Wednesday, July 27, 2011

Trout Lake Report: More Than Generous

In these days approaching high Summer, the lake is vibrant with life, and more than generous with its trout. For the second trip in a row the fishing has surpassed reasonable expectations. I won't tell you the number of fish I caught on this trip, but I will say, as I do sometimes about the length of a good trout, that it was "pushing twenty." I won't post photos of all of them, just the best ones, in hopes that the sight of such beautiful fish will give you some small measure of the pleasure they gave me.

Conditions have been perfect for fishing the north end, with a variable light breeze out of the northwest leaving the best water sheltered. The water is still cold, with plenty of runoff still pouring into the lake at this end. The fish are up along the shoreline, or holding in weed beds, and their predatory instincts have been honed to sharpness over the first part of the season. They are strong and healthy, they'll take line off the reel or out of your hand, and they require a deft touch to get them into the net.

Everything we look for.

I started down the shoreline throwing the Carpet Caddis, a fly from Don Freschi. His is caddis-sized--I tied mine on a #12 long shank hook and fish it like a Stimulator.

I'm tempted to rename it the Brown Caddis since it has proved irresistible to big Browns. I would, if it hadn't also proved irresistible to big Rainbows. This Brown took it on the twitch with a calm but businesslike take.

This one took it on the float before I could begin twitching or stripping.

I made my way around to the far shore where good fish were working the weed beds, and began to work them myself. This is my favorite kind of fishing: seeing a big rise, casting to it with a big dry fly knowing that the fish is there and on the feed, working the fly--twitching, stripping, fast and slow, stop and go--waiting for the take you're sure will come, and then seeing that big head come up. The fish go nuts when they find themselves hooked, and in this shallower water, with the weeds right there, you hang on and try to keep their heads up.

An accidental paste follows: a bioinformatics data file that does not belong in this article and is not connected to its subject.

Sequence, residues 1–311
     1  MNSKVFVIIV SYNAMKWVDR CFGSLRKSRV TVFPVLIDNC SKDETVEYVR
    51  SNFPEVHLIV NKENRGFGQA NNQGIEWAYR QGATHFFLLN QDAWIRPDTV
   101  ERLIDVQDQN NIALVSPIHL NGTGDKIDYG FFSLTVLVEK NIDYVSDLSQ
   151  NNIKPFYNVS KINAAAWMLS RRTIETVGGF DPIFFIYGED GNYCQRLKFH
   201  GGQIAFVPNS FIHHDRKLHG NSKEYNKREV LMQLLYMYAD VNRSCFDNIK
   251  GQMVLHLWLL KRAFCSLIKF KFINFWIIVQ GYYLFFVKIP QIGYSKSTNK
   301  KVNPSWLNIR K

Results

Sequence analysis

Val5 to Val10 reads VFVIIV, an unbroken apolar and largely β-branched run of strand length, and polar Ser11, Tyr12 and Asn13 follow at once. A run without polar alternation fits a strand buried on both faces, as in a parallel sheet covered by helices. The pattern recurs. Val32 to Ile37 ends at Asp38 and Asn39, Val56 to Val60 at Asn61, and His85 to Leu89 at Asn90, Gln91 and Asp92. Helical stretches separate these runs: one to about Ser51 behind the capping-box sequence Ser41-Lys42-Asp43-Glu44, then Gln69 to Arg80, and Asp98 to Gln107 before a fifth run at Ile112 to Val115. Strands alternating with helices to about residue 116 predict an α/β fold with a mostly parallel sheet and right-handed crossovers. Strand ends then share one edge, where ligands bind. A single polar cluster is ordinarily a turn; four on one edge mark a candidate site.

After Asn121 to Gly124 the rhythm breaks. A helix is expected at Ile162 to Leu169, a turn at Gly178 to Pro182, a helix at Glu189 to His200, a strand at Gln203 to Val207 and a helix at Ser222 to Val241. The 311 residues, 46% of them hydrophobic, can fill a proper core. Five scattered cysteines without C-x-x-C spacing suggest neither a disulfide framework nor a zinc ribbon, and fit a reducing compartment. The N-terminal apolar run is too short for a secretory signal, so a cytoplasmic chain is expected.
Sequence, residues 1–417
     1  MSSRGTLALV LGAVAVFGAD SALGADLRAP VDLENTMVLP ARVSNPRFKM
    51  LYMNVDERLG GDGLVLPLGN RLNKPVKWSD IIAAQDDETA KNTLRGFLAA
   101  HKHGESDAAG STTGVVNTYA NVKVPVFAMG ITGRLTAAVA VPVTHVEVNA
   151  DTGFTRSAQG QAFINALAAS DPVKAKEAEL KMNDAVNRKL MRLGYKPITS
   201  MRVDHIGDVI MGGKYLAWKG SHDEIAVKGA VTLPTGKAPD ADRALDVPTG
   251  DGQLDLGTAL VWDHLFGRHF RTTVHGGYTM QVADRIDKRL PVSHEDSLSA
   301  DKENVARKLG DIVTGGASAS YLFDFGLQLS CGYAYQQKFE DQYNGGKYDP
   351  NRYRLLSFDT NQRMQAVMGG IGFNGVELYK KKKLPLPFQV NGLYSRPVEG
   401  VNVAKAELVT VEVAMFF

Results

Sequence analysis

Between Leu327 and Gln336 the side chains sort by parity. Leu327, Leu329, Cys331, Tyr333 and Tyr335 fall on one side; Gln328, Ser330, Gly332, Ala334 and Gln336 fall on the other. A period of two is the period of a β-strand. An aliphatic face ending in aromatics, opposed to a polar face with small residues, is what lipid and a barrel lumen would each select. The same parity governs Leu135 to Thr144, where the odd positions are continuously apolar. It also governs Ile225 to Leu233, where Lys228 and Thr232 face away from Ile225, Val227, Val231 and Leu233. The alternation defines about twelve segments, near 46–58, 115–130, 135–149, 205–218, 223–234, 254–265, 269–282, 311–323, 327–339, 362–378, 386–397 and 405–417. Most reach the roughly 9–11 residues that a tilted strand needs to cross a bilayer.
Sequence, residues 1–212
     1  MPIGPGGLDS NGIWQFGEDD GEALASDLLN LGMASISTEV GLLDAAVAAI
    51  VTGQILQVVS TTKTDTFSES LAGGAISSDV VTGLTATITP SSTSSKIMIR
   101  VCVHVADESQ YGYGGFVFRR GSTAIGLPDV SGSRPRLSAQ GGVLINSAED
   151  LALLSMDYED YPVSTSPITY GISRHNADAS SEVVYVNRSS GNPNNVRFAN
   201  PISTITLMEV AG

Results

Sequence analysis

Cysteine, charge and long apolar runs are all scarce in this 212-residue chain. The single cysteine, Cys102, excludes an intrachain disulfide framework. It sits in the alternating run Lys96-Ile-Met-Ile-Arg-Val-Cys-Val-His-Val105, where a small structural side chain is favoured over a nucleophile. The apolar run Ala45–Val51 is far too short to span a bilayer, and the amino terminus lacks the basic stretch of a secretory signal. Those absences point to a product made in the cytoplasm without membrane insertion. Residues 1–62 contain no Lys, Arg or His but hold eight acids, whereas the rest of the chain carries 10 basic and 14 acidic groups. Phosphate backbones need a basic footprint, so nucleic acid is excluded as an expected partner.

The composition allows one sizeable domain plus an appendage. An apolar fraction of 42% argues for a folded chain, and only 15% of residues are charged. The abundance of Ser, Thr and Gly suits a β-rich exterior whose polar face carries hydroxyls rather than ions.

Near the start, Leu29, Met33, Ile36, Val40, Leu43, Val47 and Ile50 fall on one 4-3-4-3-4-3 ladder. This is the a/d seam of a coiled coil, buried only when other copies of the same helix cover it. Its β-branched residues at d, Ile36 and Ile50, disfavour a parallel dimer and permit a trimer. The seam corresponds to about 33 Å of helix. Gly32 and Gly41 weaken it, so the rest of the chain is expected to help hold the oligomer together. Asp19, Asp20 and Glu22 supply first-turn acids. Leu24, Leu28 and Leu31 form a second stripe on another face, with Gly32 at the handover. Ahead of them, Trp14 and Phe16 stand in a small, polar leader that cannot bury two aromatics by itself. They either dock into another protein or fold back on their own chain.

This time there was yet another big Brown waiting for me. Nice fish.

I saw the Eagle on one of her favorite perches, but I couldn't figure out why she was making so much noise. When I looked more closely I realized her brood was with her, old enough to fly but still young enough to cry to Mama for something to eat.

I continued to drift down the shoreline, and I continued to catch fish. This one reminded me that I'm not the only predator the trout need to worry about.

And so the day went. After awhile I tied on a Hopper, and caught fish with that. Later I tied on a dark Stimulator and caught fish with that. Toward evening the rises slowed down, but the fish would still come up to a steady strip.

It was wonderful. That's not to say I did everything right. I missed many takes, and I let the fish that should have been in this photo get into the weeds. I horsed him out again, but just before I could get him up, he ran right off the hook. It felt like it would have been one of the better fish of the day.

At dusk the action slowed down, and then the wind came up strong. I thought I might just go home a little earlier than usual. I started paddling back across the lake letting the Stimulator drift behind. Thirty feet from the take out, in the pitching waves, I had a take and another fish. As I released that fish the wind backed off a little, and I heard other fish rising all around me. So I cast out, barely able to see my fly, caught three more, and got home at the usual time.

See what I mean? More than generous.


  1. VERY nice fish. Thank you to that lake, for her generosity. Great post!

  2. Thanks, Erin. Our "contemplative sport" could also be called the "sport of gratitude." Hmm. Maybe there's a post there...

  3. Oh I think there is indeed. Write it!